Alien, Black Lagoon, Creature, Dr. Jekyll, Dracula, Flying Dutchman, Frankenstein, Freddy Krueger, Ghost, Halloween, Hannibal, Jacob Marley, Jaws, Lector, Mr. Hyde, Norman Bates, Overlook Hotel, Poltergeist, Sadako Yamamura, Stephen King, Undead, Wolfman, zombies
Is your office a scary place to work? Unless you are a soldier, a firefighter, or a seamstress in the developing world, it’s not usually your environment that makes work frightening; it’s the people. A screaming boss, a diabolical co-worker; all it takes is one monster to ruin your day. Or your career.
In his book Danse Macabre, Stephen King surveyed horror in popular culture, and noted that most fictional monsters fit into one of four archetypes. It turns out that the same categories also describe the four types of people who can make your work a living hell! With an eye towards Hallowe’en and a nod to King, let’s look at some of the villains who might be haunting your workplace:
The Creature: Frankenstein’s monster. Jaws. The Creature from the Black Lagoon. The Alien. The Creature is The Thing That Doesn’t Belong – the being that, innocently or maliciously, cannot be part of our world, and thus must inevitably come into conflict with it. The greenhorn with no specialist skills who is hired to fill the specialist slot because of nepotism or political correctness? The associate who went to law school because he thought it was the safest choice, but who devotes most of his attention to amateur theater? These are The Creatures of our workplaces, who are there even though their goals or abilities have nothing to do with the mission of the office or even the profession. When we work with them, we never know when their incapabilities will lead to catastrophe – or when they will sabotage our plans in pursuit of their own.
The Wolfman: The werewolf. Norman Bates. Dr. Jekyll and Mr. Hyde. Hannibal Lector. People have always been horrifically fascinated by those outwardly kind and urbane folks who harbor hidden demons – and release them from time to time. The boss who glad-hands the clients, but throws things at the secretaries. The Machiavellian schemer whose true motives are only revealed through a knife in the back. The substance abuser whose gifts are sometimes chemically blocked. These people may deserve our pity, as we can see in them the potential each of us has to do both good and harm. But they also deserve our wariness, because any working relationship we develop with them will always remain treacherous. We can only rely on their unreliability.
The Ghost: Poltergeist. Jacob Marley. Sadako Yamamura. The Flying Dutchman. No other horror trope is so laden with sadness as The Ghost, who has lost hope of everything. Sometimes melancholy turns to rage, as The Ghost envies those who still possess life and possibility. At work, these are the people who show up, but are not really there anymore. The veterans counting down the days to retirement. The journeymen whose ambition to rise has been thwarted or ground away. Tethered by their paycheck, they cannot bring themselves to move on to a better place. In fact, often as not – as Cole Sear said in The Sixth Sense – “They don’t know they’re dead.” Still, they sense that they have become spectrally ineffective, except when their resentment prompts them to use the only power they have left: interference. They may not think they can help you, but they know how to stand in your way . . .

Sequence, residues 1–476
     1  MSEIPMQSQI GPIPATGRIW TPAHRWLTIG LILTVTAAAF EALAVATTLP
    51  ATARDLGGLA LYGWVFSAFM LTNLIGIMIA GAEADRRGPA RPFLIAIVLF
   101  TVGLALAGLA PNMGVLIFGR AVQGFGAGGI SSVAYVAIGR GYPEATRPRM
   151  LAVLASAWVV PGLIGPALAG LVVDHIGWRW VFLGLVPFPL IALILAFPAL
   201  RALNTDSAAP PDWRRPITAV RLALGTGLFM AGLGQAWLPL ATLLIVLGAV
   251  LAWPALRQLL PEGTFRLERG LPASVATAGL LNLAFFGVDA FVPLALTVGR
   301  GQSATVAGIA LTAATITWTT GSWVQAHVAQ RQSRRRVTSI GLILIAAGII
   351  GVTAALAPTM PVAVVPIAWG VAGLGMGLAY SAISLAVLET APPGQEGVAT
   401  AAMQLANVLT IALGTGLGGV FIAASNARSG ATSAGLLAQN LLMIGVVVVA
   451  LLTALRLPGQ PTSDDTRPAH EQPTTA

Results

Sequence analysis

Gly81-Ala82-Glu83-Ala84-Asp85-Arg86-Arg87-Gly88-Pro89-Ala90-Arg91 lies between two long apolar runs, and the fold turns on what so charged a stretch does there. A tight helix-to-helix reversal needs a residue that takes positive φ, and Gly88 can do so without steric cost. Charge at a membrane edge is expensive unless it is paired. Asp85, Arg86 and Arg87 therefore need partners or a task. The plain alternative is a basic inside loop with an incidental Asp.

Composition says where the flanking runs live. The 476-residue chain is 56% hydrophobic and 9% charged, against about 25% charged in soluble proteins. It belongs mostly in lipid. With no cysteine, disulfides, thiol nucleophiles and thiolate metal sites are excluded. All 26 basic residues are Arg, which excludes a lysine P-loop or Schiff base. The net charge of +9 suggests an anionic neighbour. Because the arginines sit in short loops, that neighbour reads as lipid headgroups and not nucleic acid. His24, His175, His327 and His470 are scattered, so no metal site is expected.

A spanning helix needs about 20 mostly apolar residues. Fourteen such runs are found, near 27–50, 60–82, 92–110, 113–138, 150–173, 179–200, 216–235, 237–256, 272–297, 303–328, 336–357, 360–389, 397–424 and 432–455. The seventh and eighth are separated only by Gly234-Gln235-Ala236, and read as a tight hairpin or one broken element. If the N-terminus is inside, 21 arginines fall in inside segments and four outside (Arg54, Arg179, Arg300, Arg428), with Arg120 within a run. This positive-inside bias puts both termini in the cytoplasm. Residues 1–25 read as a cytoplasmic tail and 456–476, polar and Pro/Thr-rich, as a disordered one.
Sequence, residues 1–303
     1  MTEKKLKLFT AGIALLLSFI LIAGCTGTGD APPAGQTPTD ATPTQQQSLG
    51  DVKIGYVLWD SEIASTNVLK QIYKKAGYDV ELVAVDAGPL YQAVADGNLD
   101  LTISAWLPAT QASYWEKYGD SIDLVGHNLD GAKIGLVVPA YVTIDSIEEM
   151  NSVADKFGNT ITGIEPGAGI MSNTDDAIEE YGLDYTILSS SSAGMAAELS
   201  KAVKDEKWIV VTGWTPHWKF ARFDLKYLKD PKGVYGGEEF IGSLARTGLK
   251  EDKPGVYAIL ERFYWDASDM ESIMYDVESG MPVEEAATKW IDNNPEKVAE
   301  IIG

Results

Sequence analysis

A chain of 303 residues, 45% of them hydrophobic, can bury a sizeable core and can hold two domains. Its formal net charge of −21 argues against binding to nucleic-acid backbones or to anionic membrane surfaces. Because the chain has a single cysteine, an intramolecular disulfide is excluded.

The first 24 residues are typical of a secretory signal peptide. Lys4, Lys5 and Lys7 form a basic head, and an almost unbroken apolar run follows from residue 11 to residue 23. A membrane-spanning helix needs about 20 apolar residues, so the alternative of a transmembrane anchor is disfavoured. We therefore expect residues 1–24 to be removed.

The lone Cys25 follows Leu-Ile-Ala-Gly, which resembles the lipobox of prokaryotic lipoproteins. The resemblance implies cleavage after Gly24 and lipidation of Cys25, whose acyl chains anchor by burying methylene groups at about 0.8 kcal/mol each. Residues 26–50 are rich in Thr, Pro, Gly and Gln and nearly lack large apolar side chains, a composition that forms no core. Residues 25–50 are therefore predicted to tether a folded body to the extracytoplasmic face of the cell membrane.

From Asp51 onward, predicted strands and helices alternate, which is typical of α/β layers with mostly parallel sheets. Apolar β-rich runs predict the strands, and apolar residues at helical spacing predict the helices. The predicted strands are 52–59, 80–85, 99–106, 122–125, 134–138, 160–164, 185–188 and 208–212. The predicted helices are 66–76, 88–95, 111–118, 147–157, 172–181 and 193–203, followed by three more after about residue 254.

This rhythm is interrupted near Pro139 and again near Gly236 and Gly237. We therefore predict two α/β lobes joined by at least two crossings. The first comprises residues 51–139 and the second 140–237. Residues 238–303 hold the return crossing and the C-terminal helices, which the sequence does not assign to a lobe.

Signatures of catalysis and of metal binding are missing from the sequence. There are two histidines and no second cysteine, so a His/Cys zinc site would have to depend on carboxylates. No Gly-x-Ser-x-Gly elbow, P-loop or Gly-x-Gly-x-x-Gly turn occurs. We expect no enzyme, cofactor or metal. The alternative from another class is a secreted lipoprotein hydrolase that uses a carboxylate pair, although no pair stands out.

The Undead – Dracula. The Overlook Hotel. Zombies. Freddy Krueger. These . . . things . . . are the scariest monsters of all. Each in its own way seems to be alive – taking actions, making choices – yet cannot be harmed by normal means, because each possesses only the opposite of life. Instead of creating and adding meaning to the world, they exist only to survive, and they survive only by sucking the life out of others to satisfy their own unappeasable hungers. And so it is at work, as well. Leaders who have grown so attached to politics and position that they will defend their own status by degrading that of others. Upstarts whose personal ambition overrides concern for the good of the organization, or of the people within it. These people will take whatever they can from you, leaving you only drained in return – if you are lucky. For if you work too long in their shadow, the worst of The Undead have the most frightening power of all: the power, like that of a vampire or a zombie, to turn you into one of them.
And, really, isn’t that the worst fate of all? Not to encounter one of these Monsters of the Workplace, but to become one yourself? So avoid these beasts as best you can, but more importantly, do whatever you need to do to avoid joining them. Find a job that demands the specific skills and commitment that you have to offer, so you won’t be The Creature. Attend to your whole self, physically, emotionally, and spiritually, so you can be a reliably humane and productive individual, unlike The Wolfman. Aim to make a positive difference to your customers, clients, and co-workers – don’t become The Ghost. And never forget that the best payoffs from work come from the joy of doing the work itself, and the satisfaction of seeing that work make the world a better place. The cravings for prestige, title, and earthly rewards for their own sakes can never be fully satisfied, and attempting to do so may turn you into one of the inhuman, soul-sucking Undead.